By Goh Puay Guan
SINGAPORE — The COVID-19 pandemic has turned tides in business, and in the physical customer experience. Traditionally, businesses have spent money and time on differentiating their brand, and creating wonderful intangible customer experiences.
We visit cafes and restaurants, not only for food and drinks, but for the decor, ambience and social interactions. Many things changed with new social distancing rules worldwide. The idea for “window shopping” has been thrown out of the window.
While there are high-profile retail bankruptcies such as Neiman Marcus and JCrew, Adobe's Digital Economy Index showed an extra US$52 billion of online spending in the United States due to the pandemic. Even as commercial tenants ask for rental rebates, warehouse demand is generally stable or increasing.
The competition arena for businesses has only moved online and backend.
In e-commerce, customers experience the company through a web presence, and its customer service through prompt logistics delivery and product quality. There is a large backend of supporting services such as warehousing and inventory management, which unlike retail, is not seen or touched by the customers. With food delivery platforms such as FoodPanda and Deliveroo, competition amongst restaurants is based on the price, quality and delivery.
In short, value chains of consumer interaction and consumption are being re-organised. Rather than intangible qualities of physical experience, there is more emphasis on operations performance.
Operational efficiencies become critical
In the emerging landscape of adaptation, scale and operational efficiency come into play. Companies can redesign their processes in order to improve their efficiency. For example, Starbucks has announced plans to close 400 stores over the next 18 months, and also to ramp up its Pickup store concept. We also see the rise of “dark stores” — traditional retail shops that are now being reconfigured for order fulfilment instead.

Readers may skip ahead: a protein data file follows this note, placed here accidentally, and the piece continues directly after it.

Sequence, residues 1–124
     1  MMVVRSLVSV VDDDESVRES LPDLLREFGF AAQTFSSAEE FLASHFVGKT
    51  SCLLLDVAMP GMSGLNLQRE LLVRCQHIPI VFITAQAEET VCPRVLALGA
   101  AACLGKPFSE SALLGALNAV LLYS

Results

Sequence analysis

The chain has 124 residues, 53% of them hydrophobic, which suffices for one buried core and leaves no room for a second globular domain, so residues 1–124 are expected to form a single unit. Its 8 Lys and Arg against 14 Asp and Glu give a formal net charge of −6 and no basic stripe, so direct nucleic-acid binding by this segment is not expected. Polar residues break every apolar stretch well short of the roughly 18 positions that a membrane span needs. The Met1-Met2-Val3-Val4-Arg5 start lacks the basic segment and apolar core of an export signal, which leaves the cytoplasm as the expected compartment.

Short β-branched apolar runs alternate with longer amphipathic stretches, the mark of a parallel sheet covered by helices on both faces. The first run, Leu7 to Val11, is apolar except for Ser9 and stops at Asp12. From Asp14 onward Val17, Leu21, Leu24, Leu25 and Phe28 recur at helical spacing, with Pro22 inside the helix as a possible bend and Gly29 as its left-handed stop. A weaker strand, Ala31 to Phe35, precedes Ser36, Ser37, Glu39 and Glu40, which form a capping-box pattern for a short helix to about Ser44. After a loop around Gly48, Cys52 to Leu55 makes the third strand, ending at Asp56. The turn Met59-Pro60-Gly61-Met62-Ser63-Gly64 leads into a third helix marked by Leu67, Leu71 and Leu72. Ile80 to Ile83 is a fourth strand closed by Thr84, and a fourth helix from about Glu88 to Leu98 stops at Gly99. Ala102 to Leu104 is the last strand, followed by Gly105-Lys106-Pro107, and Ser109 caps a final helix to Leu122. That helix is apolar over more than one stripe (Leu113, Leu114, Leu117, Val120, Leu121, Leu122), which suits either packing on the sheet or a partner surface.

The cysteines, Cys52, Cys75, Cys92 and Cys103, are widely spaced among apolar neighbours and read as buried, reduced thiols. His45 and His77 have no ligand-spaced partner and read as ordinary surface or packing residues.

Of course, streamlining operations will favour larger companies. It could be an opportunity for large companies to consolidate and strengthen their positions, perhaps acquire smaller competitors.
On the online front, companies with easy-to-navigate websites or mobile apps will find it easier to attract customers. There is also data analytics that target consumer preferences. As they say, the rich get richer. In the virtual world, companies rich in data and online networks will also be richer in views and transactions.
Small and medium companies, with limited cashflow and online reach, will find it harder to break through. Even the cost of outsourcing to e-commerce and logistics platforms often make these channels not commercially viable.
Pooling of resources for SMEs
For SMEs, collaboration, even among competitors, may help mitigate the impact. Smaller players will have to learn to pool together their volumes and share backend operations, whilst continuing to differentiate themselves on the front-end online experience.
For example, restaurants could take up rental space in a large central kitchen to cook for online food delivery. Retailers could consolidate deliveries together in full trucks rather than individually outsourcing to logistics service providers, sharing costs proportionally to their volume used. Companies could group together in a Groupon model for B2B purchases, buying common items, such as office equipment, services or even raw materials, in bulk to lower costs.
This may even lead to new opportunities for companies to offer their spare capacity for rental by other companies, and to mutually create higher asset utilisation overall. It would also create opportunities for start-ups that create sharing economy platforms for businesses.
Whilst the sharing economy for consumers, such as Uber and Airbnb, look to be affected by social distancing and travel restrictions, sharing and collaboration amongst SME businesses may start to take off due to business necessity.
Goh Puay Guan is an Associate Professor with the Department of Analytics & Operations with National University of Singapore (NUS) Business School. The opinions expressed are those of the writer and do not represent the views and opinions of NUS.